Summer eye health
Protecting your eyes from harmful UV rays is important all year around, especially here in Queensland, but even moreso in summer, when we're out having fun in the sun. In this post, put together by our head office team, we look at summer eye health, and how important it is to protect your eyes from the sun.
Sunglasses are an essential part of any wardrobe, particularly in summer.
Invented in China in the 12th century sunglasses moved into the mainstream during the ‘roaring 20s’ when actors wore them for eye protection from the bright klieg lights on movie sets and to shield their identity when out in public. Initially they were considered a fad but as they became more embedded into popular culture, sales of sunglasses soared.
Today, no wardrobe is complete without a pair of stylish sunnies.
Aside from cutting out glare and being fashionable, there are many other important reasons to wear sunglasses.
Preventing eye injuries and serious eye problems
Most of us understand the importance of wearing sunglasses to protect our eyes from harmful ultraviolet (UV) radiation but constant exposure to UV rays can cause some serious eye problems including cataracts, pterygiums, photokeratitis, macular degeneration, cancer of the conjunctiva and skin cancer of the eyelids.
In Australia, we are more prone than other countries to sun damage.
Because Australia is close to the equator, has a high proportion of clear blue skies and low pollution, we have the highest levels of UV radiation in the world and, as a result, one of the highest rates of skin cancer.
UV levels cannot be felt on your skin. They are not connected to temperature, can be dangerous on cold or hot days and are highest in the middle of the day from 10am and 2pm (or 11am and 3pm during daylight saving).
Whilst our eyes are sensitive to UV so too is the skin around our eyes, with the upper and lower eyelids vulnerable to skin cancers.
Wearing UV-protective wraparound sunglasses with large lenses can not only protect your eyes, but they will protect the skin around your eyes as well. They serve to block out light and glare from the side, as well as the front.
Selecting the right sunglasses
When you buy a pair of sunglasses in Australia, they need to have a mandatory classification labelled and tested according to the Australian/New Zealand standard AS/NZS 1067.1:2016.
Specifically, the best rating for sunglasses that provide eye protection from UV rays are rated with a lens category of 2 (medium protection) or 3 (highest protection).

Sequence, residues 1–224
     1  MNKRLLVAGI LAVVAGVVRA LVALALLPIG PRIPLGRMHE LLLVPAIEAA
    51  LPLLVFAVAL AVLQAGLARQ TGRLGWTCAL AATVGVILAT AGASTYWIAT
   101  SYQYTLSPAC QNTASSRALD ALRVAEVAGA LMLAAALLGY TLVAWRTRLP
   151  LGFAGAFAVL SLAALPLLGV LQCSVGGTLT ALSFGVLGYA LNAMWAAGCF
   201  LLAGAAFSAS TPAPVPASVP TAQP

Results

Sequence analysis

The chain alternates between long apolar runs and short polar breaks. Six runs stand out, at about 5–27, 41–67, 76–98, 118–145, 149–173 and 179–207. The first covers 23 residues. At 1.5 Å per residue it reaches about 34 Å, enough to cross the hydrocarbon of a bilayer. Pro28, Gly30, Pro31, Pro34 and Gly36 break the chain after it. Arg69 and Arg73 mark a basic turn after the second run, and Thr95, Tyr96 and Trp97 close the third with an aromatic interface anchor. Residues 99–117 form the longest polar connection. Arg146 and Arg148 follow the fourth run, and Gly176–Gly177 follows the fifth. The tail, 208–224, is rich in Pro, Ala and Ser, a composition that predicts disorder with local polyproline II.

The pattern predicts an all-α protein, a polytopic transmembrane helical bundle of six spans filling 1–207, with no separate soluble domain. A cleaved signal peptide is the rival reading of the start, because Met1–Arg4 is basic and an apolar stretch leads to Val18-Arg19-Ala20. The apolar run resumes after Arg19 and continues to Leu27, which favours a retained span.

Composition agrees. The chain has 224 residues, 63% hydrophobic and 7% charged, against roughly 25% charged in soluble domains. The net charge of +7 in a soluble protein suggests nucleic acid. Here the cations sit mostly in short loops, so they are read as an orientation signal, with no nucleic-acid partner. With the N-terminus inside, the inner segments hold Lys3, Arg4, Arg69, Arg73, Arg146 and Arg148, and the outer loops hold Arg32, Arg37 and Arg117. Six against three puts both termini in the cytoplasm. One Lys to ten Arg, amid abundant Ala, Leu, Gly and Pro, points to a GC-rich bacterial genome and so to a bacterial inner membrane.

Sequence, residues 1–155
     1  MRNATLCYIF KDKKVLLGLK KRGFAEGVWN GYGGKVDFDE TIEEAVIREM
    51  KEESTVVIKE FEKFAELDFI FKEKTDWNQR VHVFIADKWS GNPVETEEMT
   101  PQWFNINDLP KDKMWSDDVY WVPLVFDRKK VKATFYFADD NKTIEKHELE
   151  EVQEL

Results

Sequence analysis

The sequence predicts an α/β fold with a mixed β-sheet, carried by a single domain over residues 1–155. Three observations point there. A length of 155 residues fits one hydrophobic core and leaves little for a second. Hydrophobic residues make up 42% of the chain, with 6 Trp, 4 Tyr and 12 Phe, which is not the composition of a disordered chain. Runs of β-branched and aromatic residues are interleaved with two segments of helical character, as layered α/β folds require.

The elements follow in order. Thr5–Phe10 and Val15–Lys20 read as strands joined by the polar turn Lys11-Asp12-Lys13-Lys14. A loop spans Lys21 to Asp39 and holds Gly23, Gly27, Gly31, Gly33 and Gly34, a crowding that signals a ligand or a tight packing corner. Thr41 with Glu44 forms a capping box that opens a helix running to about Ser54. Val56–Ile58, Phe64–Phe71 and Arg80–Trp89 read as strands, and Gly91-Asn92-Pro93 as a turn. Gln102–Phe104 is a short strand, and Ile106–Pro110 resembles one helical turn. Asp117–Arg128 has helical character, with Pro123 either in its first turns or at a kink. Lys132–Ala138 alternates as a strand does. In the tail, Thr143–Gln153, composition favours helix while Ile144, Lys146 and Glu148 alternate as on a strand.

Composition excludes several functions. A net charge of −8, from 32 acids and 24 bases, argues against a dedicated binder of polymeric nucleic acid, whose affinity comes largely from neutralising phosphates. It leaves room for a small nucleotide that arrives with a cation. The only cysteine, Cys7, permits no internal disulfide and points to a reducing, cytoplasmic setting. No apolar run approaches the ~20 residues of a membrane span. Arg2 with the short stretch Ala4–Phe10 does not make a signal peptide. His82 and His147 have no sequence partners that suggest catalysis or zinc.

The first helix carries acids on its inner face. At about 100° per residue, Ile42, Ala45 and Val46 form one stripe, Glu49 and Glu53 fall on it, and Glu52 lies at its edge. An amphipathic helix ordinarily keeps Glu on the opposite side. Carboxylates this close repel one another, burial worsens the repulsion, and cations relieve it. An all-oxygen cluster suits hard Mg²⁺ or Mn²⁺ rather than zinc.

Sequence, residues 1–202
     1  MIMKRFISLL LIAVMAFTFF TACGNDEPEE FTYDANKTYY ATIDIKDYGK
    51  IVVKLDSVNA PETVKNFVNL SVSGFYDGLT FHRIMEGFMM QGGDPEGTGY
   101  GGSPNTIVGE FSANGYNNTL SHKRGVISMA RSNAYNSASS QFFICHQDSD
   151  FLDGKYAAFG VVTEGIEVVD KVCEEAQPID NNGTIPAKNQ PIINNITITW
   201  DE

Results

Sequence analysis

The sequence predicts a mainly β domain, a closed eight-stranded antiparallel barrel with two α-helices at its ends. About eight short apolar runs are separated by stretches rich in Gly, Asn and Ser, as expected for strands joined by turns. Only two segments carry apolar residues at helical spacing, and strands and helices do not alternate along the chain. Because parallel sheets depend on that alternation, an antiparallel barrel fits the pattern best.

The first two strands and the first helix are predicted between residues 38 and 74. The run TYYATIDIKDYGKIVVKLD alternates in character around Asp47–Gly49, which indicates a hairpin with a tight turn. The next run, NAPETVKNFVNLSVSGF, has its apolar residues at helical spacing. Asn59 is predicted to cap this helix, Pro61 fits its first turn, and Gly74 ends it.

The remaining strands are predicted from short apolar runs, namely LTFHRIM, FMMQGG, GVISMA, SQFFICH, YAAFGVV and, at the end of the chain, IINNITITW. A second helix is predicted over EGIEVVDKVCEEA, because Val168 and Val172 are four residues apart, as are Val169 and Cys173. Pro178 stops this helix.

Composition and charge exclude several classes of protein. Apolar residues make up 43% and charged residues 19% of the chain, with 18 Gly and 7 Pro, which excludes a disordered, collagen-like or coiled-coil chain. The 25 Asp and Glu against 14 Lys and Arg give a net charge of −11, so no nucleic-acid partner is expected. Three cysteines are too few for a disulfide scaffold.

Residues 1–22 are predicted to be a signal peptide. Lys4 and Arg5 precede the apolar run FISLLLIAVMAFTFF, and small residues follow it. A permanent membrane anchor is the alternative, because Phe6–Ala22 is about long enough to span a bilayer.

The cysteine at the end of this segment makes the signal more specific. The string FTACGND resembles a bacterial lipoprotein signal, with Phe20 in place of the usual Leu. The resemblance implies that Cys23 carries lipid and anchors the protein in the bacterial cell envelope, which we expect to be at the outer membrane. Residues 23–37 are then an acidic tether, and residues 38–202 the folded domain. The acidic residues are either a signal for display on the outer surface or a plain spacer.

The sunglasses safety standards are set out in the Consumer Goods (Sunglasses and Fashion Spectacles) Safety Standard legislation.
- Lens category 0: Fashion spectacles. These are not sunglasses and have a very low ability to reduce sun glare. They glasses provide little or no UV protection.
- Lens category 1: Fashion spectacles. These too are not sunglasses. They provide limited sun glare reduction and some UV protection, but it is minimal.
- Lens category 2: Sunglasses. This is the minimum eye protection from the sun. These sunglasses provide medium level sun glare reduction and good UV protection.
- Lens category 3: Sunglasses. These are the sunglasses you want to look out for. Level 3 sunglasses provide a high level of sun glare reduction and good level of UV protection.
- Lens category 4: Sunglasses. These are special-purpose sunglasses which provide a very high level of sun glare reduction and good UV protection. These glasses should not be worn while driving.
These standards not only refer to fashion sunglasses but to all framed or rimless sunglasses, clip-ons or slip-ons, children’s sunglasses, and light tint sunglasses.
As your optometrist, we have a very good understanding of what type of eyewear are best to suit your needs, so book in to come and see us, or pop by to check out our range of sunglasses.
Ready to book an appointment?
Online bookings available or call us on (07) 3463 0349.
This website does not provide medical advice. It is intended for informational purposes only. It is not a substitute for professional medical advice, diagnosis or treatment. Never ignore professional medical advice in seeking treatment. If you think you may have a medical emergency, immediately dial Triple 0 (000).